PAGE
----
Indonesian parents ask Jokowi for help to officially register son with 18 names

Cordo was born in January 2019 but he has yet to receive his birth certificates and other essential government-issued documents because his parents came up with a whopping 18 names for him, as seen in this birth announcement, causing some issues with the civil registry. Photo: Istimewa
Cordo was born in January 2019 but he has yet to receive his birth certificates and other essential government-issued documents because his parents came up with a whopping 18 names for him, as seen in this birth announcement, causing some issues with the civil registry. Photo: Istimewa

Unique and unusual baby names have amused us aplenty in Indonesia before, but a couple from East Java is now the talk of the country because they came up with a whopping 18 names for their newborn son, causing some issues with the civil registry. 

Local officials have reportedly refused to grant civilian documentations for the child as his name simply won’t fit in the papers. As they are running out of options, the parents have, in their desperation, written an open letter to President Joko Widodo appealing for his help.

The couple, Arif Akbar and Suci Nur Aisiyah, named their second son Rangga Madhipa Sutra Jiwa Cordosega Akre Askhala Mughal Ilkhanat Akbar Sahara Pi-Thariq Ziyad Syaifudin Quthuz Khoshala Sura Talenta. Because it appears the family also has an affinity for randomly plucking out one of the child’s many middle names for his nickname, the boy reportedly goes simply by Cordo.

Cordo was born in January 2019, but he has yet to receive his birth certificate and other essential government-issued documents. According to Arif, he has made several attempts to get those from the Population and Civil Registry Agency (Disdukcapil) in Tuban regency, where the family lives, to no avail. 

“I’ve been fighting for three years to process the birth certificate at the agency. Every time we visited the office, we were told to wait. The last time [we went] we were offered the solution to change my son’s name,” Arif said yesterday.

The couple has been reluctant about changing Cordo’s name, as they believe that all 18 names have deep philosophical meanings containing their hopes and prayers for his future.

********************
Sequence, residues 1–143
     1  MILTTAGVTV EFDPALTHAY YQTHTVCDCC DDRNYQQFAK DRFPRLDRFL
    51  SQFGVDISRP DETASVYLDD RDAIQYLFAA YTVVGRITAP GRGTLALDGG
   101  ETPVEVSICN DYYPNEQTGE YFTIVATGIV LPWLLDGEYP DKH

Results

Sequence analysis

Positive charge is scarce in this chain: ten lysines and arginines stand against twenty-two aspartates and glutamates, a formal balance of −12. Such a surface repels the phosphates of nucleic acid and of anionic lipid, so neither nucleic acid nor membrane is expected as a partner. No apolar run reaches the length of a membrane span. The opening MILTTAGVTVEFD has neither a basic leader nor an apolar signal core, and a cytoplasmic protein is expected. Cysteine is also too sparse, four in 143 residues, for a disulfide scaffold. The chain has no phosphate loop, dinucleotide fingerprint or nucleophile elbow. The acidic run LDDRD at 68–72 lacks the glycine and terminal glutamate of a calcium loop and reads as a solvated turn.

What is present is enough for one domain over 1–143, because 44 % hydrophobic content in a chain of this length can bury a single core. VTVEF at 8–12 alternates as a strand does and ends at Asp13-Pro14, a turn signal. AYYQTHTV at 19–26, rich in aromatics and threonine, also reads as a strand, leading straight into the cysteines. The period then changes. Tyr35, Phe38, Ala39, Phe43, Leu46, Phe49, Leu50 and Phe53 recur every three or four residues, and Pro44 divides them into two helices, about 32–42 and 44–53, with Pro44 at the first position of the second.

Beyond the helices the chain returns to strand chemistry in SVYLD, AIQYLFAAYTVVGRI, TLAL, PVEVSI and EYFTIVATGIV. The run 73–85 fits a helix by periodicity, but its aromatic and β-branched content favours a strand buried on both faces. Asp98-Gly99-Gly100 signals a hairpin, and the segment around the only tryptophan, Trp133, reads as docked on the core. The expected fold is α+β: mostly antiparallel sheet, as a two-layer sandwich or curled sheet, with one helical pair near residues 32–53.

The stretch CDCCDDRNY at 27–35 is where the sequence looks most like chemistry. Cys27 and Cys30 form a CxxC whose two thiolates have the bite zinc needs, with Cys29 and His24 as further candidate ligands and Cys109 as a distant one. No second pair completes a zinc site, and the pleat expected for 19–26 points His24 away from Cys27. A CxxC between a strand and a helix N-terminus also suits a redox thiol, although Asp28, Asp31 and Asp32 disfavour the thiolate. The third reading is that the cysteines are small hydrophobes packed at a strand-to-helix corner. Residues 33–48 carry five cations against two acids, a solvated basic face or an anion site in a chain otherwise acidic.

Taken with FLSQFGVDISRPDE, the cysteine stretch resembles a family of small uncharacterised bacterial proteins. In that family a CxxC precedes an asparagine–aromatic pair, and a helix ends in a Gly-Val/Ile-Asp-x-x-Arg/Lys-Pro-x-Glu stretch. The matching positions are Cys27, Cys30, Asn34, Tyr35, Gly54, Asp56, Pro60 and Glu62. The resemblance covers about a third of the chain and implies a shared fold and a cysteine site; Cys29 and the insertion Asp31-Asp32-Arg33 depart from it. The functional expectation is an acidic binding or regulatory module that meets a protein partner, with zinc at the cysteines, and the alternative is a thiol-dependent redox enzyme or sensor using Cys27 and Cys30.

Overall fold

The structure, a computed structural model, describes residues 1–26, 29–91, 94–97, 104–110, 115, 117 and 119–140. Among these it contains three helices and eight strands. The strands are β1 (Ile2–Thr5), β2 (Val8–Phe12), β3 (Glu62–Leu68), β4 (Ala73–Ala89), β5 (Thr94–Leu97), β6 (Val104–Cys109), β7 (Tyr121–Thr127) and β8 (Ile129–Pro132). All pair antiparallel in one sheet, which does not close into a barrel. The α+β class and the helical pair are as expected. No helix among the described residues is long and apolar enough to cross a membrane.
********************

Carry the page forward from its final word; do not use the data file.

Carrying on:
“The meaning is for the child to become a worldly figure who is known across the world. To become an individual who doesn’t think limited, narrowly, or primordially, but to have a global insight as well as the initiative and power to realize his great insight. Strong but soft-hearted and compassionate,” Arif was quoted as saying.

Arif and Suci seem dead set on this name for their son that they hand wrote an open letter to Jokowi, expressing their wish that Cordo could get his birth certificate, which the child would need to enroll in school in two years’ time. 

An open letter by Cordo’s parents, Arif Akbar and Suci Nur Aisiyah, addressed to President Jokowi. Photo: Istimewa

“Our open letter to you is our last hope and to share our sadness. Maybe some are thinking, ‘what’s in a name?’ But according to our customs the name is a person’s character, pride, prayer, and hope,” they wrote to Jokowi.

The president has not given any public statements about the unusual request.

Rahmad Ubaid, who heads Tuban regency’s Disdukcapil, said that every Indonesian citizen must be registered on the Residential Administration Information System (SIAK) under the Ministry of Home Affairs’ Directorate General of Population and Civil Registry. Anyone who wishes to process their residential documents, such as the family card (Kartu Keluarga), ID card (KTP), and birth certificate, must have their data registered on SIAK firsthand.

Here’s the catch: there’s a limited number of characters that authorities can input on SIAK. 

“We emphasize that we are not asking for a name change, but in writing names for KK, KTP, and birth certificate, it must be adjusted to a maximum of 55 characters including spaces,” Rahmad said.

Cordo’s 18 words, 132 characters long name might seem like a doozy, but it’s not the longest personal name that ever existed on record. According to the Guinness World Records, the longest name belonged to Hubert Blaine Wolfe­schlegel­stein­hausen­berger­dorff Sr. from Germany, with 747 characters that you can see in full here.

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